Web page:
2013 LFNKR Annual Report Overview

From 16th General Meeting. Oct. 20, 2013


LFNKR, in FY2012 (Sept. 1, 2012 to August 31, 2013), has witnessed improved awareness in the international community with respect to the North Korean human rights issue. The International Coalition to Stop Crimes against Humanity in North Korea (ICNK), was established in Sept. 2011. This organization, which includes 43 international NGOs in 15 countries, is engaged in lobbying activities. The ICNK group in Japan, of which LFNKR is also a member, has repeatedly visited Japanese Diet lawmakers and the Ministry of Foreign Affairs (MOFA) as well as a number of foreign embassies in Tokyo.

The continued efforts made by ICNK to urge the UN Human Rights Council to take action have been rewarded by the birth of a UN Commission of Inquiry on human rights in North Korea (established in Feb. 2013). In August, public hearings were held in both South Korea and Japan. At the public hearings, a wide range of materials, including videos, were submitted as evidence of the many crimes against humanity committed by North Korea. By March 2014, written reports based on the public hearings are expected to be prepared by the members of the UN Commission of Inquiry and submitted to the UN Human Rights Council. Additional investigations are expected to be carried out before the reports are submitted to the UN General Assembly in Nov. 2013.

North Korean defectors nearly halved

The number of NK defectors reaching South Korea in 2012 was 1,509, which is roughly half those of the preceding year, when 2,707 defectors were received. It is been 7 years since the number of NK defectors entering South Korea totaled less than 2,000. The reduction in the number started following the intensified crackdown by North Korea and China after Kim Jong-il’s death in Dec. 2011. An example of the tighter crackdown is Kim Jong-un’s authorization for border guards to execute defectors on the spots whenever they are found crossing the border.

Despite the dramatically reduced numbers of NK defectors, LFNKR has rescued 7 defectors, some of whom elected to resettle in South Korea and the rest in Japan.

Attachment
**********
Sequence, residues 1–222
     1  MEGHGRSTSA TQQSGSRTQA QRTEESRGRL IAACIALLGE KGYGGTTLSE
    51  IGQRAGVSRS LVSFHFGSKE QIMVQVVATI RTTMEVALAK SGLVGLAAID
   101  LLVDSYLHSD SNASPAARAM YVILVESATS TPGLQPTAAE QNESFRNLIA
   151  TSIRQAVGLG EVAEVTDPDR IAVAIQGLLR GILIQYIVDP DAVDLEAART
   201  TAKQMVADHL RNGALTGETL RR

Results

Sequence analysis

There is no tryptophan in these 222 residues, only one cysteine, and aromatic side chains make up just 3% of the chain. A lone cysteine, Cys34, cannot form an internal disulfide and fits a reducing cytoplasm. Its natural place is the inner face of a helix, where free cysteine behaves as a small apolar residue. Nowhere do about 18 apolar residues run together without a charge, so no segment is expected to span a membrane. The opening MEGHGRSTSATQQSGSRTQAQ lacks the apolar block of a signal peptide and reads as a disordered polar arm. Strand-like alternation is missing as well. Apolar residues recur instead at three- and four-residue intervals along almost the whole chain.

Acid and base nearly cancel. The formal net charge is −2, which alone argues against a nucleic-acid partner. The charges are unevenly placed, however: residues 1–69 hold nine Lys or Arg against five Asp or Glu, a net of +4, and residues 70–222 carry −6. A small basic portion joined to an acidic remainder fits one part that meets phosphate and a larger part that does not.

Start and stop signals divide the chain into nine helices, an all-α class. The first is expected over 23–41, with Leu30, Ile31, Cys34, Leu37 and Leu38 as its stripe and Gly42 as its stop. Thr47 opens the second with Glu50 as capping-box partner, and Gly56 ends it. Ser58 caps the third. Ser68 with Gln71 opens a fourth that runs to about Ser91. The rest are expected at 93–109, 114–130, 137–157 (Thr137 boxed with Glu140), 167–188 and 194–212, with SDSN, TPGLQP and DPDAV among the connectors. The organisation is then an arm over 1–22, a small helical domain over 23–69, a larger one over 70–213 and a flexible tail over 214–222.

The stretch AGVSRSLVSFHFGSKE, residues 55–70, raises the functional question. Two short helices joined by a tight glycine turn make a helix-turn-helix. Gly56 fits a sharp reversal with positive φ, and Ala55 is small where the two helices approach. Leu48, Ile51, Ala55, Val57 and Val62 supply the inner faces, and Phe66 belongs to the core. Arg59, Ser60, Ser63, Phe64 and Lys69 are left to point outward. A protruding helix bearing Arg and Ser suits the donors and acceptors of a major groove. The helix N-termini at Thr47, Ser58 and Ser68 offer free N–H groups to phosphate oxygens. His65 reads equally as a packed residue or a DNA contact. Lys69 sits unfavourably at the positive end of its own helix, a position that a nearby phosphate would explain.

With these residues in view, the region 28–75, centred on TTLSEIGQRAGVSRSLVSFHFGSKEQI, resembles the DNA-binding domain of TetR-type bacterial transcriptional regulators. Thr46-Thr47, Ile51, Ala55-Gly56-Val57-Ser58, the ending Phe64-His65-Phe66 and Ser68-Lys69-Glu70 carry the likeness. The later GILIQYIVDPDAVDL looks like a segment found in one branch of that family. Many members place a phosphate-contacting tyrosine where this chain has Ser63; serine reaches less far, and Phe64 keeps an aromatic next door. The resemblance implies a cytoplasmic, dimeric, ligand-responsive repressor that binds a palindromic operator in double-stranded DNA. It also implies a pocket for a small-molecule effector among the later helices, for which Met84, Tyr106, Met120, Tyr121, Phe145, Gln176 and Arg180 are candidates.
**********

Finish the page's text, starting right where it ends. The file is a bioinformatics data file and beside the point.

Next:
For the past year, LFNKR has continued its activities, including the running of our Japanese language education center, which helps refugees to settle in Japan. LFNKR was commissioned to run this center by the Cultural Affairs Agency of the Japanese government. The center holds symposiums, participates in several events to publicize the North Korean human rights issue and make the public more aware of the rescue of North Korean refugees.

More details are below.

Summary of LFNKR activities during the past fiscal year
(Sept. 1, 2012 to Aug. 31, 2013)

Sept. 2012 to Dec. 2012

Sept. 5: Started Japanese language education classes
Oct. 6-7: Participated in Global Festival of NGOs held in Tokyo (about 78,000 visitors)
Oct. 16: Started rescue operation “Dragon 10”
Nov. 30: Discussed with MSF Korea about the rescue of NK refugees
Dec. 4: Contacted UNHCR Tokyo office to inquire about sponsored applications for refugees to enter universities in Japan, because some of LFNKR’s former NK defectors are likely to qualify

Jan. 2013 to Aug. 31

Feb. 2-3: Participated in One World Festival
(click here to read more)
Feb. 24: Held seminar to help NK defectors resettle in Japan and learn the Japanese language
Mar. 31: Published the first issue of “Chongo-ri Kyo Hwa So in North Korea” (illustrations based on testimony from 8,934 detectors, including 81 who actually experienced the “death” camp.
(click here for details about the camp)
Apr. 30: Published the second issue of “Chongo-ri Kyo Hwa So in North Korea”
July 3: Hiroshi Kato, the head director of LFNKR, gave a seminar on the North Korean human rights issue at Gakushuin University, a school in Japan where children of the Japanese imperial family study
July 16-20: Inspected the Southeast Asian escape route for NK defectors
July 29: Explained to COI (UN Commission of Inquiry) and members of ICNK (International Coalition to Stop Crimes against Humanity in North Korea) the basic policies of NK human rights abuse